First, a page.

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Car accident to blame for campus, city power outage

February 7, 2008

‘Twas the night before classes, and the students did shout. The school had gone dark, for the power was out.

Around 8 p.m., Jan. 27, as students and staff were settling in and preparing for the beginning of a new semester, the entire UW-River Falls campus lost electricity and, with the exception of some emergency backup systems, stayed that way for nearly two hours.

The outage occurred when a vehicle crashed into a transmission pole east of the city near the intersection of County Roads M and JJ, said Jan Lorenz, a spokeswoman for River Falls Municipal Utilities, the company that provides electricity to River Falls and the surrounding area.

Lorenz said about 20 percent of their coverage area was affected by the outage. This included parts of the city’s east and south sides as well as the entire University campus.

Sophomore Ashley Taylor was in her room in Hathorn Hall when the blackout occurred.

“My lights went out and my computer shut down,” Taylor said, who was uploading photos at the time. “It was really frustrating.”

Among many other Hathorn residents, mass confusion began to take hold.

“Everyone was out in the hall,” Taylor said. “People were actually screaming.”

After a few tense moments, the backup generators kicked in and the hall lights turned back on. But the problems were far from over.

“You had to keep your door open because the room lights were still out,” Taylor said.

Eventually, the noise became too much and she decided to finish her work at a nearby friend’s house who still had power. Taylor said when she returned around 10 p.m., the power had only been back for a short time.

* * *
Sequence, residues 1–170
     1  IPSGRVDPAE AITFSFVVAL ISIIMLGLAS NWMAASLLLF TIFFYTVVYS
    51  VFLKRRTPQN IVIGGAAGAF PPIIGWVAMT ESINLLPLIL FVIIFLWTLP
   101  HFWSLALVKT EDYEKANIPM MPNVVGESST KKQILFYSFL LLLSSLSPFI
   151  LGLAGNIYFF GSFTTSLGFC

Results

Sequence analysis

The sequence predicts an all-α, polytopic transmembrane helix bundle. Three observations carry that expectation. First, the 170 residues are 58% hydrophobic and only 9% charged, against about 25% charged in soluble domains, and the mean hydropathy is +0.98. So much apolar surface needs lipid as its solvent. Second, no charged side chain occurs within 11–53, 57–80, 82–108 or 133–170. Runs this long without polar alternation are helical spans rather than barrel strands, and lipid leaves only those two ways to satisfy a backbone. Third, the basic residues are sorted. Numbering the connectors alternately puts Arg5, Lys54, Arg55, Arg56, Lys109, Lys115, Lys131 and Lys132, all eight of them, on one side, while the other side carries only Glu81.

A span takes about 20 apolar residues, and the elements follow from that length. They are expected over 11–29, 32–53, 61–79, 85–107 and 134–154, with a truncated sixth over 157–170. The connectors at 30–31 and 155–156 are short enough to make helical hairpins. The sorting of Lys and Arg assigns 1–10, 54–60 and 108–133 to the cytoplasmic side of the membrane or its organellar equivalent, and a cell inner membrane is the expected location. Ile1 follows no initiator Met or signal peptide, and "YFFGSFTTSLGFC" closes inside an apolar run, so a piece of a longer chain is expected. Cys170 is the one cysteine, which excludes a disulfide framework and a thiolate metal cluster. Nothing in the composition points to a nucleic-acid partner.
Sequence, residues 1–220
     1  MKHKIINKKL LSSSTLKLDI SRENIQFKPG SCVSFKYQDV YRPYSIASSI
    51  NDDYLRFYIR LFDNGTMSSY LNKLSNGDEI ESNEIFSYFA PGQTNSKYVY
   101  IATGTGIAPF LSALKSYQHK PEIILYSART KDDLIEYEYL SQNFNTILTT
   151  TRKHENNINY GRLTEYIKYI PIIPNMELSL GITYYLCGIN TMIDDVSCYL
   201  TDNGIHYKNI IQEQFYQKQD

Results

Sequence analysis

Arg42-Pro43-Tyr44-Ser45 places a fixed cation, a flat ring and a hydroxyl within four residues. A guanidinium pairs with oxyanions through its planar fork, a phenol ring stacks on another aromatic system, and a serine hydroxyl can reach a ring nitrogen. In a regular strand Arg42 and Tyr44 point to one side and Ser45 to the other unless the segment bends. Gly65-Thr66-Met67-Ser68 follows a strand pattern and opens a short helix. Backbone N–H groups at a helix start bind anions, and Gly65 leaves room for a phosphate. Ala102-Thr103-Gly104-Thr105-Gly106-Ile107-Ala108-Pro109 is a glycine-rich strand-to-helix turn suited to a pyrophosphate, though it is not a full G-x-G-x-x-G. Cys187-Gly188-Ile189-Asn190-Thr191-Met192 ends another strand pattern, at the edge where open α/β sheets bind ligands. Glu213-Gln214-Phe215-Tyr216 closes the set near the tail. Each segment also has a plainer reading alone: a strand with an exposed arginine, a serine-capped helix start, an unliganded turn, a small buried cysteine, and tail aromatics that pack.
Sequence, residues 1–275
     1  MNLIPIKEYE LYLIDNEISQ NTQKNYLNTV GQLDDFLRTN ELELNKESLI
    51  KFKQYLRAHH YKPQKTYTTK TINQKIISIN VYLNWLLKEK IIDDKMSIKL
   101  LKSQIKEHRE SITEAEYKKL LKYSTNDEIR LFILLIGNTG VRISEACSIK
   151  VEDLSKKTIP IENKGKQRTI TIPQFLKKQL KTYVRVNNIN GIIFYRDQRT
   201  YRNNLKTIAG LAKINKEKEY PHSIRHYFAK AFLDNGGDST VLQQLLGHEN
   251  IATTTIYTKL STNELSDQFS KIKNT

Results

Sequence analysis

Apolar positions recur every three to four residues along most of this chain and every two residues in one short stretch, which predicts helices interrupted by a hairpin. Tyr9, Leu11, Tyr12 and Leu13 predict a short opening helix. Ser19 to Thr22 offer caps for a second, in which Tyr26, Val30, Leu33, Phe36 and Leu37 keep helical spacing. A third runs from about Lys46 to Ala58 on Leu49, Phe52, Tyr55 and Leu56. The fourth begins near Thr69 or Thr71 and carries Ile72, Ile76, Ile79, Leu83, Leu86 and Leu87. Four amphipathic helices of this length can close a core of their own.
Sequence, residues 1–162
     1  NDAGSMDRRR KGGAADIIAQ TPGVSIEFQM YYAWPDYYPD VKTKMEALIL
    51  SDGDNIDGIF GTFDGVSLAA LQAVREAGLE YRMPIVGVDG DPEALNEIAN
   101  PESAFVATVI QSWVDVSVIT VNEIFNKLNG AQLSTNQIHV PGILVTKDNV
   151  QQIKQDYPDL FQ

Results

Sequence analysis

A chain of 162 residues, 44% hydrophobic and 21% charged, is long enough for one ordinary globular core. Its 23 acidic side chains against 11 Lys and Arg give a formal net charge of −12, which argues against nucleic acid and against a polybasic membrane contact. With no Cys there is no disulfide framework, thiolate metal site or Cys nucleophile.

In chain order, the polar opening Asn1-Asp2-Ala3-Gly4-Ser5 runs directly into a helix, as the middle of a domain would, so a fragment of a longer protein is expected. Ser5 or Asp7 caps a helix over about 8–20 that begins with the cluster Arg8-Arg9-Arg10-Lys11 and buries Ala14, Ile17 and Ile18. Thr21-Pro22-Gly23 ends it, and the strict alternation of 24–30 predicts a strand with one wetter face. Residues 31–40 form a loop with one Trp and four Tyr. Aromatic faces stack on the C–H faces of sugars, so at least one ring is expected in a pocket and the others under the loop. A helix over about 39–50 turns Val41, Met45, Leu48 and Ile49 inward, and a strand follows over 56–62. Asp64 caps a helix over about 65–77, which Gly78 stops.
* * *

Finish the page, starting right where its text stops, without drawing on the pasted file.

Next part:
A sustained power outage can cause several safety and comfort issues, Dick Trende, director of Public Safety said. Fortunately, no one was hurt during the blackout and the facilities were able to remain warm until the heat turned back on, Trende said.

Trende commended students and residence hall staff for their handling of the situation. “Residential life did an excellent job keeping order,” he said. “Students were very respectful and we had no major issues.”

The blackout did, however, present a major dilemma for the staff at Information Technology Services, better known as ITS. Though university computer systems can run on battery power for a short period of time, the length of Sunday’s outage required a manual shut down, said Lisa Wheeler, executive director of ITS.

“Services need to be shut down in a particular order and brought back up in a particular order as well,” she said. “With over 150 servers in the campus network, this is not a quick process.”

Staff members worked into the night, some until 2 a.m., to make sure everything went smoothly. Fortunately, all operations, including the transfer of files for the new FalconFile, escaped unscathed.

“Restoration actually went better and faster than we anticipated,” said Wheeler. “So everything was back up on Monday.”

A similar outage occurred in May of last year, and in Aug. 2006, the University was without power for over 24 hours, the longest blackout in recent history.

This lengthy recovery process may soon be a thing of the past. According to Wheeler, a state-funded generator capable of providing sustained back-up power is expected to be installed near the end of the semester.

“A generator will be a great benefit to the entire campus,” Wheeler said.